Succumbed

It started with a raging sore throat in the middle of the night. I rarely wake once I fall asleep, but on that particular night, I opened my eyes at 1:00 a.m. and it hurt badly to swallow my own saliva. I rolled over, took a dose of ibuprofen with water, and returned to sleep.

Morning arrived, and a pounding headache was added to my fiery throat. I stumbled to the kitchen to make a cup of tea and sat there feeling dazed, wondering what was going on. I was thrice vaccinated, so it couldn’t be … could it? Yet as the morning marched on, I became more and more suspicious. My first test was with a thermometer—but I had no elevated fever at all. I also had no congestion and no other symptoms, aside from the raw throat and throbbing head.

I held the box in my hand for quite a while, before I finally opened the flap and removed the instruction sheet for the COVID-19 test I had obtained, just in case. The result: POSITIVE. What?!

I always wore a mask to the grocery store and to my clients’ homes. I had refrained from eating in restaurants for so long that my own cooking had become second nature again. How could I have been exposed? How could I be positive?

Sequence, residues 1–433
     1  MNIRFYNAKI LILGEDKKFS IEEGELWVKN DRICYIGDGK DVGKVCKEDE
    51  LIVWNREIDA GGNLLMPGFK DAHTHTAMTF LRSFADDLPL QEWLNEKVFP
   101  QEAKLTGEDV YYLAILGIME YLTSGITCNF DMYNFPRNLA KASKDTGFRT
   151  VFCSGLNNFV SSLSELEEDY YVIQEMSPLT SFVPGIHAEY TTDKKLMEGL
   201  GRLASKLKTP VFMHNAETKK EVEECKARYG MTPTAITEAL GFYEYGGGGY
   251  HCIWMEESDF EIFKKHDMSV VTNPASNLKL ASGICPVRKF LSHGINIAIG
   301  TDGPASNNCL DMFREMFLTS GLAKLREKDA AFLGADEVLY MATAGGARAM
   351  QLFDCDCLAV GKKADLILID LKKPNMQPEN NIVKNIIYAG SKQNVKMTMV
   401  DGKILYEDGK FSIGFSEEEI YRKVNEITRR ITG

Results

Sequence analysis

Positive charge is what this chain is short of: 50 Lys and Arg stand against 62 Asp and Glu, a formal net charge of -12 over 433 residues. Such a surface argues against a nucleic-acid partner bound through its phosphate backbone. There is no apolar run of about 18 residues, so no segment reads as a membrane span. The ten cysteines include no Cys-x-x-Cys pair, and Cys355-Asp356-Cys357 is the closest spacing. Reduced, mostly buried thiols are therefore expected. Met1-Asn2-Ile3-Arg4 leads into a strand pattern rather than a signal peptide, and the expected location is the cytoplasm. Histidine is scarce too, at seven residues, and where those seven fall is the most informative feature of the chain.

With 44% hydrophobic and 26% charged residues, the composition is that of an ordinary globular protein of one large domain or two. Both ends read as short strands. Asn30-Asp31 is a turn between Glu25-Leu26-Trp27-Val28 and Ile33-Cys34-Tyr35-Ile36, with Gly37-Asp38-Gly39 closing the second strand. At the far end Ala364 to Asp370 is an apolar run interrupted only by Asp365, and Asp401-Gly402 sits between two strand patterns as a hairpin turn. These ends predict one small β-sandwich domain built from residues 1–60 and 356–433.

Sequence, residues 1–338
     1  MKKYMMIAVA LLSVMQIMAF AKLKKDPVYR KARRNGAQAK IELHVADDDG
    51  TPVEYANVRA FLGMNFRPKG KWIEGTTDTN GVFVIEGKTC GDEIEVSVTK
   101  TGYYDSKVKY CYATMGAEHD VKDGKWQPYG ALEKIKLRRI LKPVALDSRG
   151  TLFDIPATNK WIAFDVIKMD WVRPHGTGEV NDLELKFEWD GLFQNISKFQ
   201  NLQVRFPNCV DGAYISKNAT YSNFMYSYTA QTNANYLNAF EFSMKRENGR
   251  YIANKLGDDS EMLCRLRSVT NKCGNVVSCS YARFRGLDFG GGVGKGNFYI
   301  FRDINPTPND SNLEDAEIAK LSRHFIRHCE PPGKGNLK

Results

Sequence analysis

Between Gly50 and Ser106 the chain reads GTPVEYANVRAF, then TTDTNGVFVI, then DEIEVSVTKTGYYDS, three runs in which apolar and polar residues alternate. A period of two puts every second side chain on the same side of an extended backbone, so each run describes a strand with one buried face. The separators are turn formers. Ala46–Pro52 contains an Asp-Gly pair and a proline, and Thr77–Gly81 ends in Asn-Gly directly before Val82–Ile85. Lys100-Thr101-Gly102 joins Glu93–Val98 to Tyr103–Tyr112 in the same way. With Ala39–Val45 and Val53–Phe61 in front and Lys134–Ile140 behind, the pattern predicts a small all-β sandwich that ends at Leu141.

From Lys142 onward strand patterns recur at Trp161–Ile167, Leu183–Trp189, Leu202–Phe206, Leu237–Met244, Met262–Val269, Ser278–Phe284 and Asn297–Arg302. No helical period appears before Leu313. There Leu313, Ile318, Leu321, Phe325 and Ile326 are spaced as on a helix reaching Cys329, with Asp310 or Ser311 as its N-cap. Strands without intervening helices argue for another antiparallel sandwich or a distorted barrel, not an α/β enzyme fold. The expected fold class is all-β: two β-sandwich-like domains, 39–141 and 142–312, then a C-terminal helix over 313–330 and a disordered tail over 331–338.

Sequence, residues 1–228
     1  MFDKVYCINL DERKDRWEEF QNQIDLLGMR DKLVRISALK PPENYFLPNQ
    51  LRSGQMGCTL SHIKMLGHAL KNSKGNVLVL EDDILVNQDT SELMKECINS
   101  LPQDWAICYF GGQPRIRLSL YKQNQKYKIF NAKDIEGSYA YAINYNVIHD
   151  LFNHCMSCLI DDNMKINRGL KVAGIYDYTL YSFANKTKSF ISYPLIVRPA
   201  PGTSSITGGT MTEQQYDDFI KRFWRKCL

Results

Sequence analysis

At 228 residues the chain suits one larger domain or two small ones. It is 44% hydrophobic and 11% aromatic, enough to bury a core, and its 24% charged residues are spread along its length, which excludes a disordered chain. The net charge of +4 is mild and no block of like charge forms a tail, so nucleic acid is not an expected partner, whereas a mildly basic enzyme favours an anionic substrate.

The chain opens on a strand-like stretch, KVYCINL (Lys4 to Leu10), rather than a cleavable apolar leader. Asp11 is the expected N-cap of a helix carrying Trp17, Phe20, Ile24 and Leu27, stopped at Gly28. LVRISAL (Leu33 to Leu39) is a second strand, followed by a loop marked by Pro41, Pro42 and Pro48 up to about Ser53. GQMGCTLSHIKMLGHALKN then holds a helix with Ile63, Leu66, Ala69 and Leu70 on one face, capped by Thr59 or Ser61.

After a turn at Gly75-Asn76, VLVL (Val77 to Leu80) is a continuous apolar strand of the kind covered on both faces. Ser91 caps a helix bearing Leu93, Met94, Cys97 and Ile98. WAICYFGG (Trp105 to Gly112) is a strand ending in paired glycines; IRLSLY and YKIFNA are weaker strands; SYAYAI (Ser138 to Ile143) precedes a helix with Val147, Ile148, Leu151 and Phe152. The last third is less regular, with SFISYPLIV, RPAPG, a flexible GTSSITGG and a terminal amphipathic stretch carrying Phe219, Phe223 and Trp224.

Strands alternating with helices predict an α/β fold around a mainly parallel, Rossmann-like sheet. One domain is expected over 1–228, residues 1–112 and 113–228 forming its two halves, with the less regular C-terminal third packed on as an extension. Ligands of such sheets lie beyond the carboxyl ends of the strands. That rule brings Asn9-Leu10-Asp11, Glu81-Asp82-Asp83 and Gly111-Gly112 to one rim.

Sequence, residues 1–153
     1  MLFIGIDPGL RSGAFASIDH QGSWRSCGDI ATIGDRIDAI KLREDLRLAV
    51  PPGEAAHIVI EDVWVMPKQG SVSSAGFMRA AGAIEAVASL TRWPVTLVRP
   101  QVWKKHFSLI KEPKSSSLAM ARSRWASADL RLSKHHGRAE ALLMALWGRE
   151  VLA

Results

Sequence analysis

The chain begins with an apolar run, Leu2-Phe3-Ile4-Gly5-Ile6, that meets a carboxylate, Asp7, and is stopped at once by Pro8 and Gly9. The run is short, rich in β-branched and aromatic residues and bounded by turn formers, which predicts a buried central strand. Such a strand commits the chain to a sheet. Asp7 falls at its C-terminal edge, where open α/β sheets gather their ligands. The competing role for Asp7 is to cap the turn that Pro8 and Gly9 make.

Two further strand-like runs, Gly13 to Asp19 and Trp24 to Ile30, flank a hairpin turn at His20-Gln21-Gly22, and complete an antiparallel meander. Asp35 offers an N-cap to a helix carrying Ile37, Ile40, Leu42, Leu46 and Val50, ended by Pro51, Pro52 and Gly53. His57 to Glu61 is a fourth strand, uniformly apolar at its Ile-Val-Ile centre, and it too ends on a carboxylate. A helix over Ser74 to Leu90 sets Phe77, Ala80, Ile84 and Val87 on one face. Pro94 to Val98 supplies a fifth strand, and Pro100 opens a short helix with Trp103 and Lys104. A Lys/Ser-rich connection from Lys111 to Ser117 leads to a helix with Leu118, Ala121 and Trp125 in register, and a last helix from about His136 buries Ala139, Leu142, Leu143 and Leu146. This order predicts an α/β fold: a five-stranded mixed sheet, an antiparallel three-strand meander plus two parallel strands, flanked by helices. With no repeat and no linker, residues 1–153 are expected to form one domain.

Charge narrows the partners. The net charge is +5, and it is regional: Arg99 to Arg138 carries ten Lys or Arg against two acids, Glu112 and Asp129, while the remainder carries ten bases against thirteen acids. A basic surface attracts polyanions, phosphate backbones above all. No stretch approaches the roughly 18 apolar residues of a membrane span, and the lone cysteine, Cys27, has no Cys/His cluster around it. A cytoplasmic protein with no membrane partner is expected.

I called in sick to work, notified my family and close friends, and then hunkered down. I had succumbed to Omicron, even though I was a germaphobe under normal circumstances, even though I always opened doors with my elbow, even though I washed my hands and sanitized regularly, even though I’d been careful about masking. I had avoided illness for 19 months—through COVID’s initial onset and through the Delta surge, only to contract Omicron without a clue as to where I had been exposed.

I rested and felt fortunate that my symptoms abated after only a few days. I relaxed when I tested negative on day eight, returning cautiously to work and my life. Now, when I hear people bragging that they are being very careful, I respond that I was, too, but still succumbed.

Julie A. Dickson
Exeter, New Hampshire

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